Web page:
Emily Jackson 23/08/2016 | Posted in 2016 Rock Star Competition, Instructional, Intermediate Moves, Internationalisation, JK University, Playboating, United States, Video, Whitewater, WW Disciplines
Tips for taking your Playboating to the Next Level:
Tons of people I have had the pleasure of boating with talk about the “plateau” or “hump” that simply wouldn’t go away with their playboating. A common feeling of doing the same moves for years makes them less excited to jump back in to their local feature and do the same thing over and over. As someone who spends a majority of their time playboating, I too have felt this plateau, but after getting pregnant with my son Tucker and feeling a different challenge while playboating, it helped get me out of my comfort zone and try different things with different techniques. This change sparked so much more enthusiasm for me and I feel that I have been able to hold onto this excitement by remembering and trying a few different things with my playboat.
There is no order for learning… Grouping tricks by difficulty can really slow down your progression. For years I could only do a Splitwheel in one direction. But I could mcnasty, phonics monkey and do other moves before I finally nailed down that left splitwheel. If I had gotten stuck on that one move and had not been willing to try other moves that seemed “above” where I was. I might never have learned the skills I needed to get my split. Don’t be afraid to try, even if you are at the earlier stages of playboating, the beauty is you can try anything! Not sure how to start trying? Check out a couple youtube tutorials! And remember- the sky is the limit.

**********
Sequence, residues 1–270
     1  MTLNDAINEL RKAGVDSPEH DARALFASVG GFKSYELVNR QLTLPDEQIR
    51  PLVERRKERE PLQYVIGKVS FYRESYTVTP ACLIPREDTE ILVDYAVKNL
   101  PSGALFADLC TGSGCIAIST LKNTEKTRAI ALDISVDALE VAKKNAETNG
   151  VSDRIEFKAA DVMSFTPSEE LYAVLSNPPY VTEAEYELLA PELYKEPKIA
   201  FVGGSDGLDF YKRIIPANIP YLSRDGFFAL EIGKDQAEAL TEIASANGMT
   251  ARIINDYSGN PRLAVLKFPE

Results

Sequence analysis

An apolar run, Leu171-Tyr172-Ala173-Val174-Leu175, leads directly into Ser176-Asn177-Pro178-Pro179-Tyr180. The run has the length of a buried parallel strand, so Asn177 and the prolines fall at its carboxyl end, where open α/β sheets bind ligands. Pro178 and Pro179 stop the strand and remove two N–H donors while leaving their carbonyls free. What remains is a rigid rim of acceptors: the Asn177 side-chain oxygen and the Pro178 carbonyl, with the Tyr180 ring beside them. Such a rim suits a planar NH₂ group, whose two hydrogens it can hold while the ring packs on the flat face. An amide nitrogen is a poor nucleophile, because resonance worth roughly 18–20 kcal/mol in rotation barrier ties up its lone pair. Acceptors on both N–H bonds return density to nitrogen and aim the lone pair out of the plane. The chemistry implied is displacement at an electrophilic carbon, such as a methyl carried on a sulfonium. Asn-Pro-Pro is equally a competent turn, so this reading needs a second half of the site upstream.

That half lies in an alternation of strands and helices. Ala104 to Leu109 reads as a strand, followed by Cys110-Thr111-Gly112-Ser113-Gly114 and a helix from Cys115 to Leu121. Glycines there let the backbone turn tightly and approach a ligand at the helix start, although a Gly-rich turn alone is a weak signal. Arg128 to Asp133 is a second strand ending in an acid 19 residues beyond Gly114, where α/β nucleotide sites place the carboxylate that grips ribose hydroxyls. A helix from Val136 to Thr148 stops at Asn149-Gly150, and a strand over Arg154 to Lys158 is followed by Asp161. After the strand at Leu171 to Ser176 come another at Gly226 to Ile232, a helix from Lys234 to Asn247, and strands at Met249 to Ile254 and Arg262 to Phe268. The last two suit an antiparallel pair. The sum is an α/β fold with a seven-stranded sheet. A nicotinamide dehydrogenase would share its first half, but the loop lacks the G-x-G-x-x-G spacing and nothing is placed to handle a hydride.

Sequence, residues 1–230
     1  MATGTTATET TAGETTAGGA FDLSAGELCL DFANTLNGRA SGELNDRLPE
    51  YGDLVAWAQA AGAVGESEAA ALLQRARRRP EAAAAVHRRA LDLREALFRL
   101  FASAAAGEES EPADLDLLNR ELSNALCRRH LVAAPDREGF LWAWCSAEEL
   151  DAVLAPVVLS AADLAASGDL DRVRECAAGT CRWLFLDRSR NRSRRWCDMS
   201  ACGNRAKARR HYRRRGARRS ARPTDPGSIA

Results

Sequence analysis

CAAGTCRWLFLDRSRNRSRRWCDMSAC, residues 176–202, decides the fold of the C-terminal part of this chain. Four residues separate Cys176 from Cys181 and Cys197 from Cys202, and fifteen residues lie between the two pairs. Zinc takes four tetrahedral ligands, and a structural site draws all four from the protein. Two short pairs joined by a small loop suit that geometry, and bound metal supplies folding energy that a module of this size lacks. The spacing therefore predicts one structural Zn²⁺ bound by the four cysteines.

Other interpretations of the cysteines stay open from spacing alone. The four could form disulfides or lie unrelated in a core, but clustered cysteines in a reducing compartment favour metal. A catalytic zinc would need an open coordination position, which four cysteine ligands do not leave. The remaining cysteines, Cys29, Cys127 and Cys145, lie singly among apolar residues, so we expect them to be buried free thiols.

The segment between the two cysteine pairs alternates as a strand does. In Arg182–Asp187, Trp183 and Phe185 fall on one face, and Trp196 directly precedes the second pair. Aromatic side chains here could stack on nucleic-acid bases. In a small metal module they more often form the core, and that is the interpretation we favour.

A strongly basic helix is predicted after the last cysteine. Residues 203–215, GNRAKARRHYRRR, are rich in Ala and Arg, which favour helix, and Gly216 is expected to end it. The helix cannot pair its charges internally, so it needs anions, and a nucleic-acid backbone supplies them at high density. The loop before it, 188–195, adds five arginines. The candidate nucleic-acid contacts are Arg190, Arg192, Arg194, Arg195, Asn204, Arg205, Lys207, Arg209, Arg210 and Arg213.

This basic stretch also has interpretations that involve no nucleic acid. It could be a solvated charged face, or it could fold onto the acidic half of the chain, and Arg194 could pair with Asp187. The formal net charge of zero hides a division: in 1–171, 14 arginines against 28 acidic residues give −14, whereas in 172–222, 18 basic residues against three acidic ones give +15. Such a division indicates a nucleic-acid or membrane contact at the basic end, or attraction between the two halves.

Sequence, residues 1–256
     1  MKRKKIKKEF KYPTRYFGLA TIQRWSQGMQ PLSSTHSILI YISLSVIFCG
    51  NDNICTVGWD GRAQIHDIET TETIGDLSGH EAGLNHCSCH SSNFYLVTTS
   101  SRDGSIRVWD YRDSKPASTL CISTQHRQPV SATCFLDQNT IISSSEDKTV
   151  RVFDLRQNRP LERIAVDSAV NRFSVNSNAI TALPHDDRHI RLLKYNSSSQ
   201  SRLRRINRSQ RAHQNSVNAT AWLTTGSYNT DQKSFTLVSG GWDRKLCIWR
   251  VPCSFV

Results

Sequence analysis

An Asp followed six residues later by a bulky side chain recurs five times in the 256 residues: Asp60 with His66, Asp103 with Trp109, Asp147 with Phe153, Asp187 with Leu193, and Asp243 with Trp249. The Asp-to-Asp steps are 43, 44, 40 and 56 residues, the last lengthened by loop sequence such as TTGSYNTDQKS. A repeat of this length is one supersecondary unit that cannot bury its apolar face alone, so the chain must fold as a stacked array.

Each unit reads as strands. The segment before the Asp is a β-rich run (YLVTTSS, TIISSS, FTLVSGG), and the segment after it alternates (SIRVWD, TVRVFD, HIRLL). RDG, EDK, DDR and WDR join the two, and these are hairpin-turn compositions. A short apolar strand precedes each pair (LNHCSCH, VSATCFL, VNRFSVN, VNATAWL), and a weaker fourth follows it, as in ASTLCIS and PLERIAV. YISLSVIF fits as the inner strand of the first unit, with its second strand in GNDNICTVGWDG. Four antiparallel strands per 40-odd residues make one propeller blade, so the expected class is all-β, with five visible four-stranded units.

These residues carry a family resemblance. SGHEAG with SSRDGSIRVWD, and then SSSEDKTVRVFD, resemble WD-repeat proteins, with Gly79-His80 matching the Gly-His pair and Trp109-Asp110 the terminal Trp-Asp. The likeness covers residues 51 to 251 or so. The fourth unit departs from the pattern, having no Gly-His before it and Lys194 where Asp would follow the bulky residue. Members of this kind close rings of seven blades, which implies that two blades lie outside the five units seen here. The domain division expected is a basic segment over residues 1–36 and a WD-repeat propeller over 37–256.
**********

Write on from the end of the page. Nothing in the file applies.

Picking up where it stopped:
Remember that each feature is different and just because you can do a move one place, does not mean that it will be easy at another.
This is always tricky… You know you can loop at once place, and you visit another and simply can’t do it at first. Instead of getting hung up on this frustrating moment, try to see what other people are doing in the feature, or watch how they use the feature. Every feature is different so performing the same moves will also be slightly different. While the basic technique remains the same, there are small tweaks or modifications to your move that you can make to allow the trick to happen. Also know that for moves that you can perform left or right, some features are really difficult to do a move one way, and could be easier going the other direction. Be patient with yourself and remind yourself that are you learning how to do a trick in a new feature. This can be super exciting as it challenges you to try using different techniques.
Take it to the Flatwater: